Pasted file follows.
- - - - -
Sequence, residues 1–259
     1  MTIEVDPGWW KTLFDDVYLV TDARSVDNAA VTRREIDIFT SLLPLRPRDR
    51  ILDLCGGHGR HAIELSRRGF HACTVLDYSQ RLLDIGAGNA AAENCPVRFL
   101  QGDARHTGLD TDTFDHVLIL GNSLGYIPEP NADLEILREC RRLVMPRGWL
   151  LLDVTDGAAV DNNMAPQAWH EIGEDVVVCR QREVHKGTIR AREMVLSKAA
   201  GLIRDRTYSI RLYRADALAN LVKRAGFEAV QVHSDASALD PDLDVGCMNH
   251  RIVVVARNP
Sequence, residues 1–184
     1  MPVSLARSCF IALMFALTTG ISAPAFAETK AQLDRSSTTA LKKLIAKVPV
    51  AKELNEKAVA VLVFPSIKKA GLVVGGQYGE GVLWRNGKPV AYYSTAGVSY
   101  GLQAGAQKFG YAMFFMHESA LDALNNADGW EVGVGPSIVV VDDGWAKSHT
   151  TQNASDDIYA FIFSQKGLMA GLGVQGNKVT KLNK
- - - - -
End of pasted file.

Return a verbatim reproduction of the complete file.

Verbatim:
Sequence, residues 1–259
     1  MTIEVDPGWW KTLFDDVYLV TDARSVDNAA VTRREIDIFT SLLPLRPRDR
    51  ILDLCGGHGR HAIELSRRGF HACTVLDYSQ RLLDIGAGNA AAENCPVRFL
   101  QGDARHTGLD TDTFDHVLIL GNSLGYIPEP NADLEILREC RRLVMPRGWL
   151  LLDVTDGAAV DNNMAPQAWH EIGEDVVVCR QREVHKGTIR AREMVLSKAA
   201  GLIRDRTYSI RLYRADALAN LVKRAGFEAV QVHSDASALD PDLDVGCMNH
   251  RIVVVARNP
Sequence, residues 1–184
     1  MPVSLARSCF IALMFALTTG ISAPAFAETK AQLDRSSTTA LKKLIAKVPV
    51  AKELNEKAVA VLVFPSIKKA GLVVGGQYGE GVLWRNGKPV AYYSTAGVSY
   101  GLQAGAQKFG YAMFFMHESA LDALNNADGW EVGVGPSIVV VDDGWAKSHT
   151  TQNASDDIYA FIFSQKGLMA GLGVQGNKVT KLNK